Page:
Budget 2018: What it Could Mean for Career Professionals

By Cathy Milton.

The title of the Canadian federal government’s 2018 budget, presented in the House of Commons on February 27th, 2018, is “Equality + Growth – A Strong Middle Class.”

The details of the budget are categorized under five major headings: Growth, Progress, Reconciliation, Advancement, and Equality.

The full budget document is 369 pages long, but for the purpose of this article, I decided to focus on the area of progress. Here’s a compelling statement from the introduction to the chapter on progress:

“The innovations we make today will create new and exciting job prospects for existing workers and better opportunities for our children and grandchildren. We ask them ‘what they want to be when they grow up,’ but many of them are likely to work in jobs and industries that haven’t been invented yet. After all, the largest companies in the world today didn’t exist just a generation or two ago.”

What I found striking in the above statement was the thought that many of our children and grandchildren are likely to work in jobs and industries that haven’t been invented yet.

If the government’s ambitious goals related to progress come to fruition, here are three ways that Budget 2018 may impact our future work as career professionals.

1) Changes/growth in client demographics

Globe and Mail parliamentary reporters identified that “in the federal Liberals’ first budget, in 2016, the word ‘gender’ appeared twice. This time around, ‘gender’ was used 358 times.” Certainly, gender equality was a major theme of the 2018 budget and, among other supports, it promises increased access to capital for women entrepreneurs.

The budget also allocated $3.8 billion to support the work of researchers and to provide them with state-of-the-art tools and facilities.

The government will invest $447 million over a five-year period to create an Indigenous Skills and Employment Training Program. The focus of the program will be on training for higher-quality, higher-paying jobs.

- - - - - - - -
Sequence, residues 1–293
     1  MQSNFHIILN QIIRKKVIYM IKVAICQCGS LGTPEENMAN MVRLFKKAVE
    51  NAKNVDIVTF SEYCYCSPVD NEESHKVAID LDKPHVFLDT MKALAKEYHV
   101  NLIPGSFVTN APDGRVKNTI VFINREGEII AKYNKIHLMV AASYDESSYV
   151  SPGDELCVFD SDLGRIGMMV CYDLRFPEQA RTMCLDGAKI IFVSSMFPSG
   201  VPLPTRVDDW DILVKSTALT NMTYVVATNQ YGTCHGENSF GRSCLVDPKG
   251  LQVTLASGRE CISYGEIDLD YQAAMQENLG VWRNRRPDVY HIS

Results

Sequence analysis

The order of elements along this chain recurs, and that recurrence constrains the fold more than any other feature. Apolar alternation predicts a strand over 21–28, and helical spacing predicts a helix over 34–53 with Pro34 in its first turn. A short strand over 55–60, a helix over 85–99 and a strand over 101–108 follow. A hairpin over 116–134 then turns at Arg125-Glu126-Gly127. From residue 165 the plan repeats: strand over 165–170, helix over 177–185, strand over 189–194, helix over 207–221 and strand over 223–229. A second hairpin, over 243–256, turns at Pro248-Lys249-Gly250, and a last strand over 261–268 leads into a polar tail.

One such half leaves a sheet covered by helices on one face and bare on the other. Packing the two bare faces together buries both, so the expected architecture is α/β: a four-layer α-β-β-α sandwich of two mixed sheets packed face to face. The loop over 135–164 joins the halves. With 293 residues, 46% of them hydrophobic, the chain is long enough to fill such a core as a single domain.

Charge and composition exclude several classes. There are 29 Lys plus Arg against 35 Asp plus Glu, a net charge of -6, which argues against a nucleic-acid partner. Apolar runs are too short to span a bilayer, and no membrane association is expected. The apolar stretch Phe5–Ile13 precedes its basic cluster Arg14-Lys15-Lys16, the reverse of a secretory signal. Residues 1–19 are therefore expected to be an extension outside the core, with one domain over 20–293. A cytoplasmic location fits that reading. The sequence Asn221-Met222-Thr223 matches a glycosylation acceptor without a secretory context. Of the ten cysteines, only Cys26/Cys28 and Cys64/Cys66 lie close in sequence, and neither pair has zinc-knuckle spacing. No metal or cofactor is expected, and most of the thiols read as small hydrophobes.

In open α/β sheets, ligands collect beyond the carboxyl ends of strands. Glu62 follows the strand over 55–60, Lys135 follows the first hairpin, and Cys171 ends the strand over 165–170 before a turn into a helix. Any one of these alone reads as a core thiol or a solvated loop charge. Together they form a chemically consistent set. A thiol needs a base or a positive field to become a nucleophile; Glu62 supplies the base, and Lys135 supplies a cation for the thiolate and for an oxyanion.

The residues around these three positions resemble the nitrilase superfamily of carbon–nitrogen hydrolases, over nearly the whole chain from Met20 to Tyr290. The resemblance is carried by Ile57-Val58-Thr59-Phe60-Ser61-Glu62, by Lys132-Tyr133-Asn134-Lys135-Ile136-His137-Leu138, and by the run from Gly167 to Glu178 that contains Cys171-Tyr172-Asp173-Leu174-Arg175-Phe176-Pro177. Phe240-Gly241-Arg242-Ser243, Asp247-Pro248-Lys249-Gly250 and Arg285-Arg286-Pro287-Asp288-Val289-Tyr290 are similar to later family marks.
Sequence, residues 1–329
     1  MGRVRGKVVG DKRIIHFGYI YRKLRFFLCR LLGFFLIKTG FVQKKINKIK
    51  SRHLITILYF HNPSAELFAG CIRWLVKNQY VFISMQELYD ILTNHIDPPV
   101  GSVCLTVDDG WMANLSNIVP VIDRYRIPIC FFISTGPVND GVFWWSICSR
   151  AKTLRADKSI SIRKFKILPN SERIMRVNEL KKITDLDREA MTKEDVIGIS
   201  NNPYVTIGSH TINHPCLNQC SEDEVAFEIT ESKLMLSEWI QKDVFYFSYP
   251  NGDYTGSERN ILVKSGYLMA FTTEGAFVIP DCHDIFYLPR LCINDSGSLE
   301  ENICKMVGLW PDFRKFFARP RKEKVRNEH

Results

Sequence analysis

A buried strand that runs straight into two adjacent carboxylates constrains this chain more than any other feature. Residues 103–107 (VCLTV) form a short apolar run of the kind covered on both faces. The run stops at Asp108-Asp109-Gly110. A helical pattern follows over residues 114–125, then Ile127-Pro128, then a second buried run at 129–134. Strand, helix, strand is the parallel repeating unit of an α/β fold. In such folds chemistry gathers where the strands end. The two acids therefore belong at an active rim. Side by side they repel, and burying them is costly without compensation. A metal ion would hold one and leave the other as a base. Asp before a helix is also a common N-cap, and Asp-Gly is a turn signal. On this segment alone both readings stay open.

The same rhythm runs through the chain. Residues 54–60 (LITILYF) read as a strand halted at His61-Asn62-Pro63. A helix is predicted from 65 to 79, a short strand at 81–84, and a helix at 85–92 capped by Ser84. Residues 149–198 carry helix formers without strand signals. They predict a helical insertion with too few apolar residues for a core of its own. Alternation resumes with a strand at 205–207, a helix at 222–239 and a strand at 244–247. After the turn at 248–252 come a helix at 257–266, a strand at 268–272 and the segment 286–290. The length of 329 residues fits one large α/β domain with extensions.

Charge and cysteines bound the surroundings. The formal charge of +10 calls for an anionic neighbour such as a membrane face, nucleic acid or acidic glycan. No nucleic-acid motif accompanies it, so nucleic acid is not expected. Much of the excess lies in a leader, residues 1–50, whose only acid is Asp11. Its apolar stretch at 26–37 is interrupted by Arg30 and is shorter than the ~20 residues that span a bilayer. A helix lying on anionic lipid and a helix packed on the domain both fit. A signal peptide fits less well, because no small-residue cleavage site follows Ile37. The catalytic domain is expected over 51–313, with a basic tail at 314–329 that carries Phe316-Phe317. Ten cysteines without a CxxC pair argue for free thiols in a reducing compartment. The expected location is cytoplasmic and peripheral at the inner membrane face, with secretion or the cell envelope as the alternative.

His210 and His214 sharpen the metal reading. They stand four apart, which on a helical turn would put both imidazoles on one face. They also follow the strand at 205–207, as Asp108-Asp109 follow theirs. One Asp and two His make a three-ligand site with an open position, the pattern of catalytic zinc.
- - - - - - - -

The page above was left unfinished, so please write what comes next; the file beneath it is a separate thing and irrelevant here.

The Canada Summer Jobs (CSJ) program will receive $448.5 million to help businesses and not-for-profits offset the cost of students they hire. In 2019-2020, the program will double the number of work placements it funds.

As a result of these budget initiatives, career practitioners may observe a growth in the number of clients in the following categories:

  • Women entrepreneurs
  • Women in senior leadership roles and on boards of directors
  • Women in STEM (science, technology, engineering, and mathematics) roles
  • Culturally diverse entrepreneurs
  • Academics
  • Researchers and research associates
  • Students seeking work in their area of research
  • First Nations workers
  • Summer student workers

2) The emergence of new industry segments and innovations in traditional industries

Budget 2018 proposes an investment of nearly $4 billion in Canada’s research system to support the work of researchers and to provide them access to the state-of-the-art tools and facilities they need. These investments are not simply to enhance the status quo. In recognition of the historic opportunity for real change, investments made though Budget 2018 will be tied to clear objectives and conditions so that Canada’s next generation of researchers—including students, trainees, and early-career researchers—is larger, more diverse and better supported.”

Budget 2017 launched the government’s Innovation and Skills Plan, an ambitious effort to make Canada a world-leading centre for innovation, and this year’s budget builds on the plan. As evidence of its commitment to research and progress, the government already has five significant initiatives, called “innovation superclusters, underway. These five were selected from competing proposals that were submitted from across Canada. Companies are currently: